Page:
Homeopathy is at odds with two powerful trends in today’s culture: sooner is better than later, and the more the better. First, homeopaths claim that patients need at least one month of active treatment for every year of illness. Second, treatments are undertaken using minute concentrations (1:50,000) of remedies.
Then, there is one more difference from conventional mainstream medicine that poses a problem for practitioners and researchers of homeopathic treatments.
The endpoints of treatment are different. And to misquote Shakespeare, “there-in lies the rub.”
The fundamental principles of homeopathy, as defined by Iris Bell, MD from the University of Arizona are “that the treatment addresses the patient’s entire pattern of problems at once in a patient-specific but not disease-specific manner” [as in conventional medicine]. She continues, “Homeopathic outcomes are different from those in conventional medicine; homeopaths report global and… multidimensional changes at local (body part) levels. Thus the very nature of homeopathy… is inherently nonspecific.
The British journal, The Lancetproclaims, “time has passed for selective analyses, biased reports, or further investment in research to perpetuate the homoeopathy versus allopathy [conventional medicine] debate. Now doctors need to be bold and honest with their patients about homoeopathy’s lack of benefit.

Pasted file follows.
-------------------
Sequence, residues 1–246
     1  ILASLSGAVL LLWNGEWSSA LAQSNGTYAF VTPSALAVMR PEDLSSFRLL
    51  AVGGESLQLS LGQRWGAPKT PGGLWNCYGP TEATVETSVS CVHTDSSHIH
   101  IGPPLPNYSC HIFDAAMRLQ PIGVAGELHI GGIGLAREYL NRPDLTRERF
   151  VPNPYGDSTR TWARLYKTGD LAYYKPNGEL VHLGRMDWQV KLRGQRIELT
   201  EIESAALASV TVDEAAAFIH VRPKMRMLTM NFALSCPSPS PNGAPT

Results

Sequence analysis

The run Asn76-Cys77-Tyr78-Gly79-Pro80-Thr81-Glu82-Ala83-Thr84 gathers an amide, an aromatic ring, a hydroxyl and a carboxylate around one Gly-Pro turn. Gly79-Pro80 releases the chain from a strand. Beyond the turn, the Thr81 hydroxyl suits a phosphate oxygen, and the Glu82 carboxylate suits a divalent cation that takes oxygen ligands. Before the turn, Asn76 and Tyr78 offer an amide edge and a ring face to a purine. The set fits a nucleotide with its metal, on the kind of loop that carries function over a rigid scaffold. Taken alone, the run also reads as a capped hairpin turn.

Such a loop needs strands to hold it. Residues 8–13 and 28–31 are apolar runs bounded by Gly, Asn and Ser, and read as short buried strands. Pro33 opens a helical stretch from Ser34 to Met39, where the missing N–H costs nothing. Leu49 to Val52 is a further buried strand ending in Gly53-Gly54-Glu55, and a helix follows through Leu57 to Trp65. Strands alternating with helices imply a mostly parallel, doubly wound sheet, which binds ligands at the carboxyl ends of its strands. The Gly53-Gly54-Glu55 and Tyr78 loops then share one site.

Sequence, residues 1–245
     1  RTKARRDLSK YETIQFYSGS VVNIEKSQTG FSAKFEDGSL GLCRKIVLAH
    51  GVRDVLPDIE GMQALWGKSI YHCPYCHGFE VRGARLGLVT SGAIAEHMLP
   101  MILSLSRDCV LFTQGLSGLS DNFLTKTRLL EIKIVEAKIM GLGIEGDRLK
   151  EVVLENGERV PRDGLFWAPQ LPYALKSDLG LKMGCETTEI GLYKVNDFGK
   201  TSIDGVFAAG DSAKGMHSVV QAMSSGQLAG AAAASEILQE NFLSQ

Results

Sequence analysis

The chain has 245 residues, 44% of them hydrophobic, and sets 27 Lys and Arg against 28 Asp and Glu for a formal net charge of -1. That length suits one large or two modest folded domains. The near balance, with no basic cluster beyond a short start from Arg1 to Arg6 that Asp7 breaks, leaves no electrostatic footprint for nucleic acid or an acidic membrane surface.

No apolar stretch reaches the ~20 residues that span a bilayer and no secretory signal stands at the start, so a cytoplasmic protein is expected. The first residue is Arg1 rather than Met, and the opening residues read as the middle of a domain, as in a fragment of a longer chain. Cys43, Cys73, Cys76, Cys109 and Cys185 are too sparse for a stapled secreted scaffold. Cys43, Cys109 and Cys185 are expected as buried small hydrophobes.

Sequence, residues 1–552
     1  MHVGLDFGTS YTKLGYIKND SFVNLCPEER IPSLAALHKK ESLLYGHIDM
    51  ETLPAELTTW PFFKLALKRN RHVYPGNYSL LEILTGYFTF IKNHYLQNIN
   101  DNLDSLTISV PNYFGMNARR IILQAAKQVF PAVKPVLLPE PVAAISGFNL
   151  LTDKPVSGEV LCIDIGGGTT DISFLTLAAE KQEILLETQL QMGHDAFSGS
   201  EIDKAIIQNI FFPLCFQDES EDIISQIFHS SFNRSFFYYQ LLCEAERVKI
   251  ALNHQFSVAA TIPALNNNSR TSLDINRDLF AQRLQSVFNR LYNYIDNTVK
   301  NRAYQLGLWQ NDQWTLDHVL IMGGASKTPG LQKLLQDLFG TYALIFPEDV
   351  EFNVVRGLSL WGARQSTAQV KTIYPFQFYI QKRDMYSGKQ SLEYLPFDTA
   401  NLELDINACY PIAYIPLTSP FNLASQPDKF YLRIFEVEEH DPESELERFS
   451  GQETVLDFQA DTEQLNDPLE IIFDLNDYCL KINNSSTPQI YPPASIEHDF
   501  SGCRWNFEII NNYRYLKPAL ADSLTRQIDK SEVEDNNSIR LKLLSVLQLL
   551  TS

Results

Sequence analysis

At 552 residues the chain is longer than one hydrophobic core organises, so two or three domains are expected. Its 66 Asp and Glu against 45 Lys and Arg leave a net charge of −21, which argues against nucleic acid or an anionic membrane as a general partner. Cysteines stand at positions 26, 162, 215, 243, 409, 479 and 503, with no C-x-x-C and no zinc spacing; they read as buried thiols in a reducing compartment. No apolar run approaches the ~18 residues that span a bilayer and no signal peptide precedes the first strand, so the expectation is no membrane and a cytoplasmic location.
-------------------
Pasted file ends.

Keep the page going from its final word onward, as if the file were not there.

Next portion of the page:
But, Dr. Bell counters, “nonspecific does not mean biologically inert; that is, nonspecificity is more than a simple ‘placebo’ effect.”
Who is correct on this? This debate has heated up because of a review published in The Lancet, which concluded, “there was weak evidence for a specific effect of homoeopathic remedies, but strong evidence for specific effects of conventional interventions.”
My own view is that medical systems, like people, should be considered on their own terms. For any opposing system, or person, that can’t do this, the problem is more with them than the system being critiqued.
Importantly, we should not ignore effectiveness (or lack of it). But if homeopathy is an ineffective complementary medical system, how does The Lancet explain these findings.
John Russo, Jr., PharmD, is president of The MedCom Resource, Inc. Previously, he was senior vice president of medical communications at www.Vicus.com, a complementary and alternative medicine website.